He asked the caravan to give him back his luggage and asked his trustee who held the money: “How much money do you have?” The trustee said: “One thousand dinars”. Abdullah Ibn Al-Mubarak said: “Take twenty dinars that would suffice us in our return journey to Marw (his home town) and give her the remaining amount. This would be better than our Hajj for this year.” Then, he returned to his homeland.

There are many Muslims like this girl living in a state of poverty, hunger and homelessness. All this happens in the presence of the huge number of wealthy Muslims whose Zakaah (obligatory charity) amounts to millions.  Today, it is estimated that the calculated Zakaah to be paid by Muslim businessmen in one year exceeds millions of dollars.  But this money needs noble souls like the soul of Abdullah ibn Al-Mubarak, may Allah have mercy upon him, filled with faith and elevated by piety, humbleness and generosity.

What does Hajj resemble?

The Hajj resembles the re-enactment of the experiences of the Prophet Ibraheem (AS), whose selfless sacrifice has no parallel in the history of humankind.  The Hajj symbolizes the lessons taught by the final Prophet Muhammad (SAW), who stood on the plain of Arafaat during his farewell pilgrimage, proclaimed the completion of his mission and announced the proclamation of Allah, the last verse of the Noble Quran to be reavealed: This day, I have perfected your religion for you, completed My Favour upon you, and have chosen for you Islam as your religion ... (Quran 5:3).

This great annual convention of faith demonstrates the concept of equality of mankind, the most profound message of Islam, which allows no superiority on the basis of race, gender or social status. The only preference in the eyes of Allah is piety as stated in the Quran: Verily, the most honourable of you with Allâh is that (believer) who has At-Taqwa [i.e. one who is continuously conscious of Allah]. Verily, Allâh is All-Knowing, All-Aware. (Qur’an 49:13)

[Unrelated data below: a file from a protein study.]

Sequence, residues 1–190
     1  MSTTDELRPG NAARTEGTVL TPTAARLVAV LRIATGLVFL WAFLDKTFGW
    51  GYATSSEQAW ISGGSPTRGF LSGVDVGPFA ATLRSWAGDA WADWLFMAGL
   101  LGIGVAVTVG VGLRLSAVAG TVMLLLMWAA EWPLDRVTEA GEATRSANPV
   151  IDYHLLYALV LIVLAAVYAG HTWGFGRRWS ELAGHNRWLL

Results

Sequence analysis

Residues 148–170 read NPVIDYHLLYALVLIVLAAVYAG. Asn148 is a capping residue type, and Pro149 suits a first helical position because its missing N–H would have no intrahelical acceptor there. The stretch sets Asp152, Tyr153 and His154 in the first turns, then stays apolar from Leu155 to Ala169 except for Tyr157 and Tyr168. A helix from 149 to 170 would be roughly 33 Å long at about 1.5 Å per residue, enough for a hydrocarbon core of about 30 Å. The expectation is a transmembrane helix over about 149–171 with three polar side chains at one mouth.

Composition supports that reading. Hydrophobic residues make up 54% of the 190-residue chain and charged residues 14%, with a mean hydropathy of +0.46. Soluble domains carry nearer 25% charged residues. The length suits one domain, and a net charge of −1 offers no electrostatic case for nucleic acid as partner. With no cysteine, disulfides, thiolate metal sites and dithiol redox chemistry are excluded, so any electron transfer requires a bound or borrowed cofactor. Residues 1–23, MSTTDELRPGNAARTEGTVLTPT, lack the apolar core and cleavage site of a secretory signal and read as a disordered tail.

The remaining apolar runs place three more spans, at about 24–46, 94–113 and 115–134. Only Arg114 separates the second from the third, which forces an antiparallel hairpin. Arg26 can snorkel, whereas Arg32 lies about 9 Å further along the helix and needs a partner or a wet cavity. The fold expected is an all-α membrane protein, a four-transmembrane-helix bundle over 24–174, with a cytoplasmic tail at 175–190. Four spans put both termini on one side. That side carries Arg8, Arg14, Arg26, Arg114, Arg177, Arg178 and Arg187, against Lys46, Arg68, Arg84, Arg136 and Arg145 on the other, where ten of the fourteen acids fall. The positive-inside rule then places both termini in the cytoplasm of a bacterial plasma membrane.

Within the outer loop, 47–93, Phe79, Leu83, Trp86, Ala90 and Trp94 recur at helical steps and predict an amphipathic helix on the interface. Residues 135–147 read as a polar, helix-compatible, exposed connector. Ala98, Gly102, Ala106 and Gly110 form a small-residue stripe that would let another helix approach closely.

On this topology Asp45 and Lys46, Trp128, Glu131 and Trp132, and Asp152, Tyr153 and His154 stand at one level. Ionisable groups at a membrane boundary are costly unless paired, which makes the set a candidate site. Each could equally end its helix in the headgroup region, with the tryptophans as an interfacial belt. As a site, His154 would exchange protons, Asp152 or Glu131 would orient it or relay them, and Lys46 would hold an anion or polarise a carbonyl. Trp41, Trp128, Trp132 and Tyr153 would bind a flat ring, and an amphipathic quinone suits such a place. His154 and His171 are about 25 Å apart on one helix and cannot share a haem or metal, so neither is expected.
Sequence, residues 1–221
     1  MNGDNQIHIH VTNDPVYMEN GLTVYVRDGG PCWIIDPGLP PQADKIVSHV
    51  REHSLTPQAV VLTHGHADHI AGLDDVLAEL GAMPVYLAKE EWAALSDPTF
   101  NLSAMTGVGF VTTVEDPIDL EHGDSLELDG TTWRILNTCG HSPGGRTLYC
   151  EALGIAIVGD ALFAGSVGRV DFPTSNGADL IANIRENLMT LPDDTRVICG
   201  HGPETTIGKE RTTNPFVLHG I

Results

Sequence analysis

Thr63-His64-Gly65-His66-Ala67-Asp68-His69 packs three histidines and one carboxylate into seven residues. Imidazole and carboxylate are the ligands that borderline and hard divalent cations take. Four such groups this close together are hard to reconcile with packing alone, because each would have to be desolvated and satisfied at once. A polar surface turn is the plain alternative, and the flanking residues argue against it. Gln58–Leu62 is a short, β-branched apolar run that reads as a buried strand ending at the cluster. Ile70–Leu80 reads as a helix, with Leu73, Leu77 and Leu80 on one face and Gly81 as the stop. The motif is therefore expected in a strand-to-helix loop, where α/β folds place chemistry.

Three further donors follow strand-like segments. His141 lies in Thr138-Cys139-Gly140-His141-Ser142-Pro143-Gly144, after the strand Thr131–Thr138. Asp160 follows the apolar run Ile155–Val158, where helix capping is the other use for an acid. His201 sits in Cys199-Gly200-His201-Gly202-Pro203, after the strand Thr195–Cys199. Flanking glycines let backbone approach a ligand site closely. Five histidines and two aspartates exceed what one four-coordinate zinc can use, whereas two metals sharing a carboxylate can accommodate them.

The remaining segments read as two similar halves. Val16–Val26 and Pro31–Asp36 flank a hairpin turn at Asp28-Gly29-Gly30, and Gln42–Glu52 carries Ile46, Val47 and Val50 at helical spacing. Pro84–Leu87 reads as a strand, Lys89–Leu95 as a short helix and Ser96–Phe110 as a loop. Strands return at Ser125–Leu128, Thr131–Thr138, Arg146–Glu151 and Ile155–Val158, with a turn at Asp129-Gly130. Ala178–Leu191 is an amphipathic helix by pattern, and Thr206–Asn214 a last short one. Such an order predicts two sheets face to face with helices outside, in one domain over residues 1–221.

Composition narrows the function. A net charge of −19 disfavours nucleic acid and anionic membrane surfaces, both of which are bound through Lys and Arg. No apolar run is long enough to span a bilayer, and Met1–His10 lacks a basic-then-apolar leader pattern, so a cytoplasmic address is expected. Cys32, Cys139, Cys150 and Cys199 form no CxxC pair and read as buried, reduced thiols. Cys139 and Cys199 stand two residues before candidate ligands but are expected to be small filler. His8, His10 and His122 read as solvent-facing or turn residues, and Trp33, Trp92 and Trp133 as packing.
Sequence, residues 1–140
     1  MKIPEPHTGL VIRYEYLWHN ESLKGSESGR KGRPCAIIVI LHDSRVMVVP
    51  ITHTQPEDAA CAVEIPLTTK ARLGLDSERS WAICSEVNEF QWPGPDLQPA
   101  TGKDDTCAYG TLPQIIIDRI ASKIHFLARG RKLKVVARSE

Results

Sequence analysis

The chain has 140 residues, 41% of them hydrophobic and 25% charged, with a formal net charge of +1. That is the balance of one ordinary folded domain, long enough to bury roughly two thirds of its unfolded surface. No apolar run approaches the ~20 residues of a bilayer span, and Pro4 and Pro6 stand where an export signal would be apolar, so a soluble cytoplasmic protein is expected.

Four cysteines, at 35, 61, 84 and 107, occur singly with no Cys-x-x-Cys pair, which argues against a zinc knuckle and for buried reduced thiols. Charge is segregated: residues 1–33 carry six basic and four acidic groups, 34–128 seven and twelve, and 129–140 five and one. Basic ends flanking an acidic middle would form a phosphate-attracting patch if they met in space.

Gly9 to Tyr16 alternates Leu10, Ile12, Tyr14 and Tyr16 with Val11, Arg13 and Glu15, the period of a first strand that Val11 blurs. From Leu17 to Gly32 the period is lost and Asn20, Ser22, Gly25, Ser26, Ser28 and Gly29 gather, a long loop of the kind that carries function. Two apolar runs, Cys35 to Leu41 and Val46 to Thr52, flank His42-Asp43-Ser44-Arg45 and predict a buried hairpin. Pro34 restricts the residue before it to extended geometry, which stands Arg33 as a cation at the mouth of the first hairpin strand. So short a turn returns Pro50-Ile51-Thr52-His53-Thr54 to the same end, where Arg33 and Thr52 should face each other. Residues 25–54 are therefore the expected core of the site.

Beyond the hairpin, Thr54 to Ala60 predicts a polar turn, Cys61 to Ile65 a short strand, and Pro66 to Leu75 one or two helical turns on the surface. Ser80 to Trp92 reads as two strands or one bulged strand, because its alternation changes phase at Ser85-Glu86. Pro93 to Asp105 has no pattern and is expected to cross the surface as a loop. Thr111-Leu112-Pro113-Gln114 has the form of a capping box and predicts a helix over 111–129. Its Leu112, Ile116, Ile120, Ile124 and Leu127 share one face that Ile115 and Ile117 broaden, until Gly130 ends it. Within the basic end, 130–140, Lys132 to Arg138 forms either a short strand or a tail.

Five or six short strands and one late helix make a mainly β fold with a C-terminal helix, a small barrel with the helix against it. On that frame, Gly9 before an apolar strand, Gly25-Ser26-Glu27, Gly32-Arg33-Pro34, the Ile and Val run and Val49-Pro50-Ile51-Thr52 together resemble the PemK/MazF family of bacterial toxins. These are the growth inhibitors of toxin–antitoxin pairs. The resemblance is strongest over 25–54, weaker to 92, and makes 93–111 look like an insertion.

Muslims do not traditionally “celebrate” the beginning of a new year, but we do acknowledge the passing of time, and take time to reflect on our own deeds for the past year, and make a pledge to Allah sincerely to be better Muslims in this new Islamic year.   Muslims measure the passage of time using the Islamic (Hijrah) calendar. This calendar has twelve lunar months, the beginnings and endings of which are determined by the sighting of the new moon crescent. Years are counted since the Hijrah, which is when Allah’s beloved Messenger Muhammad (Sallallahu Alayhi Wasallam) migrated from Makkah Al-Mukarramah to Madinah Al-Munawwarah (approximately in July 622 A.D.).


The Islamic calendar was first introduced by the close companion of the Prophet, Caliph Umar ibn Al-Khattab (radiyallahu anhu). During his leadership of the Muslim community, in approximately 638 A.D., he consulted with his advisors in order to come to a decision regarding the various dating systems used at that time. It was agreed that the most appropriate reference point for the Islamic calendar was the Hijrah, since it was an important turning point for the Muslim Ummah. After the emigration of our beloved Prophet from Makkah to Madinah (formerly known as Yathrib), the Muslims were able to organize and establish the first real Muslim State and community with social, political, and economic independence.  Life in Madinah Al-Munawwarah allowed the Muslim community to mature and strengthen, and the people developed an entire society based on true and pristine pure Islamic principles.


The Islamic calendar is the official calendar in many Muslim countries, especially Saudi Arabia. Other Muslim countries use the Gregorian calendar for civil purposes and only turn to the Islamic calendar for religious needs.  The Islamic year has twelve months that are based on a lunar cycle. Allah says in the Qur'an:

“Verily, the number of months with Allâh is twelve months (in a year), so was it ordained by Allâh on the Day when He created the heavens and the earth; of them four are Sacred, (i.e. the 1st, the 7th, the 11th and the 12th months of the Islâmic calendar).(Quran 9:36).

The sacred months in which waging a war is prohibited are Muharram, Rajab, Dhul-Qa'dah and Dhul-Hijjah.


“It is He Who made the sun a shining thing and the moon as a light and measured out its (their) stages, that you might know the number of years and the reckoning. Allâh did not create this but in truth. He explains the Ayât (proofs, evidences, verses, lessons, signs, revelations, etc.) in detail for people who have knowledge.” (Quran 10:5).


Requesting your humble duas!


Abdul Haq Abdul Kadir

Umhlanga Rocks, KZN

South Africa